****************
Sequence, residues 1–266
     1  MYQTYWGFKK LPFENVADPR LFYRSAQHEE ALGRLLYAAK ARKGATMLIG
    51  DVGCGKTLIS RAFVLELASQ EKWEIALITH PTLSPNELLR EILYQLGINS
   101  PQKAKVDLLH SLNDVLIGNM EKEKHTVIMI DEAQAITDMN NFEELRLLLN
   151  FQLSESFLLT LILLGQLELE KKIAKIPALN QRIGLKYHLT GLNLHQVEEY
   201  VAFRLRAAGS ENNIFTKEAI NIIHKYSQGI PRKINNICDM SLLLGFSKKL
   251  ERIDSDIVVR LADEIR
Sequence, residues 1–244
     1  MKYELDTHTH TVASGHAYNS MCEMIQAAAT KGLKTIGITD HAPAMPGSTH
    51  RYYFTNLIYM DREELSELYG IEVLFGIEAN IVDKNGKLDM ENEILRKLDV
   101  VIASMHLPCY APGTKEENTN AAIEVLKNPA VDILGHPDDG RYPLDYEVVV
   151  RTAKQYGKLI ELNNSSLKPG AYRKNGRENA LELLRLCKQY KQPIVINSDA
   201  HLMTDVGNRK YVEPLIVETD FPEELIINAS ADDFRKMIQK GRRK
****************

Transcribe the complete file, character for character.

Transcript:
Sequence, residues 1–266
     1  MYQTYWGFKK LPFENVADPR LFYRSAQHEE ALGRLLYAAK ARKGATMLIG
    51  DVGCGKTLIS RAFVLELASQ EKWEIALITH PTLSPNELLR EILYQLGINS
   101  PQKAKVDLLH SLNDVLIGNM EKEKHTVIMI DEAQAITDMN NFEELRLLLN
   151  FQLSESFLLT LILLGQLELE KKIAKIPALN QRIGLKYHLT GLNLHQVEEY
   201  VAFRLRAAGS ENNIFTKEAI NIIHKYSQGI PRKINNICDM SLLLGFSKKL
   251  ERIDSDIVVR LADEIR
Sequence, residues 1–244
     1  MKYELDTHTH TVASGHAYNS MCEMIQAAAT KGLKTIGITD HAPAMPGSTH
    51  RYYFTNLIYM DREELSELYG IEVLFGIEAN IVDKNGKLDM ENEILRKLDV
   101  VIASMHLPCY APGTKEENTN AAIEVLKNPA VDILGHPDDG RYPLDYEVVV
   151  RTAKQYGKLI ELNNSSLKPG AYRKNGRENA LELLRLCKQY KQPIVINSDA
   201  HLMTDVGNRK YVEPLIVETD FPEELIINAS ADDFRKMIQK GRRK